It's been a while since I've attended a wedding, the days of having four or five to go to in a month are long gone. Now that I'm in my late forties, those of us that are still single swear that if we ever take the plunge we will do it tastefully and with little fanfare -- we'll see.
At any rate, I had the good fortune to be invited as the guest of a good friend to a wedding that was executed to perfection. The bride had planned everything down to the smallest detail and it showed in the programs, the ribboned wands, the bows and flowers decorating the pews and most of all in the beautiful bridesmaid dresses (chocolate brown gowns) and groomsmen's tuxedos. The bride was glowing as she walked down the aisle and unlike so many others I have seen, she truly looked relaxed and happy this day had finally come. As they made their way to the alter the bright autumn sun glowed through the stained glass windows making me almost wish I was still a Catholic.
And then the Priest began the ceremony.
At first I wasn't sure he had said what he did, he was in the midst of one of many blessings he was bestowing on the couple and mentioned something about marriage ONLY being a union between a man and woman. I gave a sideways glance to my friend who did not register alarm so I figured I had not understood what he said.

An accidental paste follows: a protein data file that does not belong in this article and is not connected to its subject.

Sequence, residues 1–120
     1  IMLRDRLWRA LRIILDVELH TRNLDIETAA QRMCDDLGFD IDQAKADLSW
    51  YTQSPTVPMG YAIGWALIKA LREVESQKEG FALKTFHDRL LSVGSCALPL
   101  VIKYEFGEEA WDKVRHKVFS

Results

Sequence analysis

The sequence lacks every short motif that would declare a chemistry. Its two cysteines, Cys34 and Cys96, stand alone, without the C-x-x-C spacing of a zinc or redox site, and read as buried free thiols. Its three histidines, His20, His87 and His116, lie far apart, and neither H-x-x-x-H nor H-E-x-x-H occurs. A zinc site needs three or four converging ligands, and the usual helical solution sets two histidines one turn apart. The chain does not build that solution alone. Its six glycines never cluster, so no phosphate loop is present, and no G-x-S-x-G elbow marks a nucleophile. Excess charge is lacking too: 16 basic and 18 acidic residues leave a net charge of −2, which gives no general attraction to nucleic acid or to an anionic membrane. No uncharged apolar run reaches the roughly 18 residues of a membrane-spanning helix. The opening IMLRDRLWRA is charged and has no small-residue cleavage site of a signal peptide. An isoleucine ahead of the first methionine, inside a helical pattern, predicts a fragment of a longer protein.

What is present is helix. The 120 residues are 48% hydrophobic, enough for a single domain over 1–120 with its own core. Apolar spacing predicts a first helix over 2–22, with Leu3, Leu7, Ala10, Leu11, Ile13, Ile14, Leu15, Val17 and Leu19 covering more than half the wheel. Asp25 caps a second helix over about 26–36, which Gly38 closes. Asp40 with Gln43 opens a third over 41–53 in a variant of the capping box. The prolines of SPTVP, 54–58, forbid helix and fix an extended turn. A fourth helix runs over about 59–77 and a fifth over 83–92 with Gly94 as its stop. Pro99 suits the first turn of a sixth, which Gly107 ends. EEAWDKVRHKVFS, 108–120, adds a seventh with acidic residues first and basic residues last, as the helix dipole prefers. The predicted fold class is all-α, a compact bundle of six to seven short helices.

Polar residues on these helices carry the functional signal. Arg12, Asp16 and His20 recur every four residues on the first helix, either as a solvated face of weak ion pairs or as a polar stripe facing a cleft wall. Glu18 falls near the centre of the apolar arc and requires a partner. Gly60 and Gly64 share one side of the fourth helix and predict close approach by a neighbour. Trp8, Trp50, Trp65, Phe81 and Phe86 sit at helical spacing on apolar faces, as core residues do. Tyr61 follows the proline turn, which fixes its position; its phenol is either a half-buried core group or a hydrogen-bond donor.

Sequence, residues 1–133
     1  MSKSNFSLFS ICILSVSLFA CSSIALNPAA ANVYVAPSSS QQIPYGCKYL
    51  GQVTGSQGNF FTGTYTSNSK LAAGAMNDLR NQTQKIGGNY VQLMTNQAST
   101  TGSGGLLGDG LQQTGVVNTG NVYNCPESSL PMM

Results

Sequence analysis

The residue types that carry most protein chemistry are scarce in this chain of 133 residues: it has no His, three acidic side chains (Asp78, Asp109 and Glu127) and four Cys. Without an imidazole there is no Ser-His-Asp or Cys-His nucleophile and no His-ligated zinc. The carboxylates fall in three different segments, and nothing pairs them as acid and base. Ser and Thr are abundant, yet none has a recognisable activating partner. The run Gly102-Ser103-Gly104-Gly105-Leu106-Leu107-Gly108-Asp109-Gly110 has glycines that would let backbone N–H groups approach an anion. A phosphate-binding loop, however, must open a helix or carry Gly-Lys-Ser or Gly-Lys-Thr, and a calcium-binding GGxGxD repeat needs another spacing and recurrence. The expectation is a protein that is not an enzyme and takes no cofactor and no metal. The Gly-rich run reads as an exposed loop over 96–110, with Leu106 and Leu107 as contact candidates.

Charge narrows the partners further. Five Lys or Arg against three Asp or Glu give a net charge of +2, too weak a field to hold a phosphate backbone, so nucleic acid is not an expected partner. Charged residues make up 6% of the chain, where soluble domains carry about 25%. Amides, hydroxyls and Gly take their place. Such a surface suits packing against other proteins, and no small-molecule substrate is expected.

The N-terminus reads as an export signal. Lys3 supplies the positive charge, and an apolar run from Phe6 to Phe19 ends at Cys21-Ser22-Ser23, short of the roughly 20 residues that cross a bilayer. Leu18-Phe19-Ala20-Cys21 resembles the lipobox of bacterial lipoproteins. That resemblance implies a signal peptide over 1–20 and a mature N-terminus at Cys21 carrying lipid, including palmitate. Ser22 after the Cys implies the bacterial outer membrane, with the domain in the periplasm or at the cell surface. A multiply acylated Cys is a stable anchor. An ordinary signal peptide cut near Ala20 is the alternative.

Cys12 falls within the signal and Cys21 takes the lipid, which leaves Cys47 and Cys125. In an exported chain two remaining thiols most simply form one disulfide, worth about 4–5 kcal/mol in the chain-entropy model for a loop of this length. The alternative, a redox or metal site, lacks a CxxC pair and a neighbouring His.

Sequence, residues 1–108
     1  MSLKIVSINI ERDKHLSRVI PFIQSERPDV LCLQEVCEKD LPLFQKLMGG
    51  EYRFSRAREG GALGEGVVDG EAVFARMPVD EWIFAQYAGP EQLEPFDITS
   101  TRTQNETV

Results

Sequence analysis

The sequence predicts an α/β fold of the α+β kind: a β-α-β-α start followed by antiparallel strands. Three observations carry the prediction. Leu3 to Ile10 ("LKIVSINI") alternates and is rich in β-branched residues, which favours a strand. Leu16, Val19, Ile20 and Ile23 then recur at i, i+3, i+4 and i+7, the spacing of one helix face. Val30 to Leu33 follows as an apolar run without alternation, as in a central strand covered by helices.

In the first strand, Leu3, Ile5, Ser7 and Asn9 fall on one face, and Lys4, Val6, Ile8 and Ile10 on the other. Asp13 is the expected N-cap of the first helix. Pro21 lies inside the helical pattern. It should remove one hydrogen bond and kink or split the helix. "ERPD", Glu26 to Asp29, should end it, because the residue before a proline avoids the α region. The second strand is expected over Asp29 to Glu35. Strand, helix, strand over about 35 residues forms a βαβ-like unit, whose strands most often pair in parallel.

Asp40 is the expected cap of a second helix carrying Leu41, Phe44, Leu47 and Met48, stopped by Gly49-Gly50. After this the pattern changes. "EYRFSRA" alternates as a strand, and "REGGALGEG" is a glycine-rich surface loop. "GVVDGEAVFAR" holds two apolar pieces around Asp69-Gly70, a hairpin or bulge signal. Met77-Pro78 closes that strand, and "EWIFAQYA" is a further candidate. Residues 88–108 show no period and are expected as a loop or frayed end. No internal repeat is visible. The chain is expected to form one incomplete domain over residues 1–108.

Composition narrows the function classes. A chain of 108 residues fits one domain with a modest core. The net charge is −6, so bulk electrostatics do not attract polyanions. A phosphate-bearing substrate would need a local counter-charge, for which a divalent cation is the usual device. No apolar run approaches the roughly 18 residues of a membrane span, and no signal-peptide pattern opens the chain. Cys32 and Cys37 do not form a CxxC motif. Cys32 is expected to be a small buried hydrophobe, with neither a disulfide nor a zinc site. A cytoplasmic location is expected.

As the bride and groom were seated, the elderly white haired Priest slowly made his way to the pulpit where he began a longer talk about the meaning of marriage. He paused and then said, "Our Governor, David Patterson, wants to pass legislation to make same sex marriage legal..." I felt a wave pass through the pews as the Priest went on to declare in no uncertain terms what the position of the Catholic church was on this subject and he urged all of us to vote against any measures to grant equal rights to same sex couples. I'm not sure what was more troubling, the fact that he assumed we were all straight or that we were all Catholic.
A few moments later he said, "all you ever need to know about love you can learn by looking up there," and he pointed to the huge crucifix of Jesus on the cross.
"Indeed," I thought. It is one thing to talk about love and compassion and a whole different thing to actually practice it. While I have my issues with organized religion, I have never taken issue with the message of Christ and his teachings, for what is truly more radical than believing in the power of love?
As anyone knows, love comes in all shapes and sizes and in many forms. It should be honored and celebrated as often as possible. I guess you could say that when it comes to people loving each other I don't have an agenda except that with love comes respect. Love opens you up to possibility, it makes you want others to have what you have, and it forgives those who do not understand its' power.
I was reminded of this at the reception a few hours later, where the guests formed a circle around the bride and groom and clapped as they danced together and kissed. There we were, strangers, friends, families, parents, gay, straight, couples, singletons and children, all of us sinners and saints, flawed and fallible, celebrating the joy that only comes when you let love in. I'm not sure if the Priest would have approved but I'm pretty sure Jesus would have been right there with us.